This (IS) for (REAL) GASP !!!
The vital stats of this humongous truck will leave you astounded. The Terex Titan (built by the Terex Corporation then of General Motors) is 66 feet (20 m) long and 22.6 feet (6.9 m) tall. When its dump box is extended it stands 56 feet (17.1 m) tall; that’s about five stories tall. When empty, this earth-hauling lorry prototype weighs of 235 tones, and takes a maximum loaded weight of 550 tones. The wheel itself is 12 feet tall! Built in late 1974 at GM’s London, Ontario Plant, it was to undergo 12 months testing in California. In 1978, it was assembled in Sparwood BC for Kaiser Resources Ltd. It was retired from service at a coalmine in 1990 and is now located in Sparwood. The truck was powered by a 169.5L (10,343 c.i.) 16 cylinder 3300 hp (2,460 kW) engine coupled to a generator. The generator then powered 4 electric traction motors located at each rear wheel. It took eight highway lanes to U-Turn this giant.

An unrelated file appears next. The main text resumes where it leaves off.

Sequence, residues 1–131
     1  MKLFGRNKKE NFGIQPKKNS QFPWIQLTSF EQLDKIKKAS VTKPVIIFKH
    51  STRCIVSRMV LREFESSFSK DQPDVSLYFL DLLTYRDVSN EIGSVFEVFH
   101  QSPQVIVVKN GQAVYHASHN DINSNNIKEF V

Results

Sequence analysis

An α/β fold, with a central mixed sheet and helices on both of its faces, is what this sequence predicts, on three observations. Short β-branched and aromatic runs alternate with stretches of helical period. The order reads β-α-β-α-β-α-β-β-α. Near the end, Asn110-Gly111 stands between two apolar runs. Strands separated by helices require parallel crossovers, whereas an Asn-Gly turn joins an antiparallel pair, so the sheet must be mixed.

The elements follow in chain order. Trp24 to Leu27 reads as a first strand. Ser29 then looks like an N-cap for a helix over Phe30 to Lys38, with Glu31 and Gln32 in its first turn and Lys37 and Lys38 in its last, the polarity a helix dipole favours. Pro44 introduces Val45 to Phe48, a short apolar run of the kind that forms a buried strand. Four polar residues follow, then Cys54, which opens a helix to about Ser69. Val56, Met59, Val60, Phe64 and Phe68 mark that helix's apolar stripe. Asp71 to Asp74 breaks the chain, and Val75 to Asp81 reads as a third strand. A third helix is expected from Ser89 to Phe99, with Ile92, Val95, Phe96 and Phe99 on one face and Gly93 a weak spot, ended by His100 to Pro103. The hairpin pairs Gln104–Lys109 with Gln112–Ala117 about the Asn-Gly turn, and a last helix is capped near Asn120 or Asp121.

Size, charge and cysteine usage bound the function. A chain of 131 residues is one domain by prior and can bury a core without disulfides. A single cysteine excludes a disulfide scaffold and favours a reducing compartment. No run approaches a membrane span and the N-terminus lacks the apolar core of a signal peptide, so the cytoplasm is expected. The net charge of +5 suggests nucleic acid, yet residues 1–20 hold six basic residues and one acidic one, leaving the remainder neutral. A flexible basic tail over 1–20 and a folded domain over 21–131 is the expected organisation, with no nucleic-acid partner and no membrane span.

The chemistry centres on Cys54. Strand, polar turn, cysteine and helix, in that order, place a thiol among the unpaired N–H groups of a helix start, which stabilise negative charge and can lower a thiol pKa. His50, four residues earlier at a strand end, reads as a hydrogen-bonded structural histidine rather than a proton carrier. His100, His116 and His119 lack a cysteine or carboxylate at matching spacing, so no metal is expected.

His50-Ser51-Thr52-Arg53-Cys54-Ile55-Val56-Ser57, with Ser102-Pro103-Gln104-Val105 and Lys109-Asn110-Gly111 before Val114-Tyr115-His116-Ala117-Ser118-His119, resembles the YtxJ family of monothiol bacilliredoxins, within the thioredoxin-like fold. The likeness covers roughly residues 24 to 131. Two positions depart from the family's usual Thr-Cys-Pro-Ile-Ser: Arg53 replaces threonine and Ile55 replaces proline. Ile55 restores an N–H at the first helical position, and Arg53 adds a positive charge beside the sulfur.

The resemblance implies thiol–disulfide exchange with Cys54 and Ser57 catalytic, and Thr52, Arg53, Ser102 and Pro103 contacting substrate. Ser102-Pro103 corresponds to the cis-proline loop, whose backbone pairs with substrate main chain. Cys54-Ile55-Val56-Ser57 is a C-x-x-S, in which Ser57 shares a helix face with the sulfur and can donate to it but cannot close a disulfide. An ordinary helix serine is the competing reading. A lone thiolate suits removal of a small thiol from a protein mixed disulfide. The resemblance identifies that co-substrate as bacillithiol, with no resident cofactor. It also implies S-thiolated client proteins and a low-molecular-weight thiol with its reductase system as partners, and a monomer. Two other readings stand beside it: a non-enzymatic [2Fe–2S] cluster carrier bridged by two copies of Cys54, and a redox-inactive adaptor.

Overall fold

17 wheels for trucks
Forged from the finest chrome molybdenum alloy steel – the best choice for strength and durability
Radius corner design - to extend the life of fasteners
The design drives the side of the fastener instead of the corner
Provides increased strength, but also avoids rounding of rusted or damaged fasteners
No doubt, Sunex tools offer one of the most complete and toughest Impact Socket lines around. This 1" drive combination Budd Wheel socket is designed to tackle the toughest jobs with solid durability and keeps them pounding job after job. It also features a radius corner design, causing the socket to grab the sturdy wall of the fastener instead of grabbing the corners, resulting in less wear on the fastener.